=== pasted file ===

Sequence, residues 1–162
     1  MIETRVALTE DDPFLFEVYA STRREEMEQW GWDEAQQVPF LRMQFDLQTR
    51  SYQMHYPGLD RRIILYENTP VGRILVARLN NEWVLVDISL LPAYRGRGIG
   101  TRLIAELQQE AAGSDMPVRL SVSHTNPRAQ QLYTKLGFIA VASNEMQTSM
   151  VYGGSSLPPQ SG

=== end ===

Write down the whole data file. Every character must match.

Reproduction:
Sequence, residues 1–162
     1  MIETRVALTE DDPFLFEVYA STRREEMEQW GWDEAQQVPF LRMQFDLQTR
    51  SYQMHYPGLD RRIILYENTP VGRILVARLN NEWVLVDISL LPAYRGRGIG
   101  TRLIAELQQE AAGSDMPVRL SVSHTNPRAQ QLYTKLGFIA VASNEMQTSM
   151  VYGGSSLPPQ SG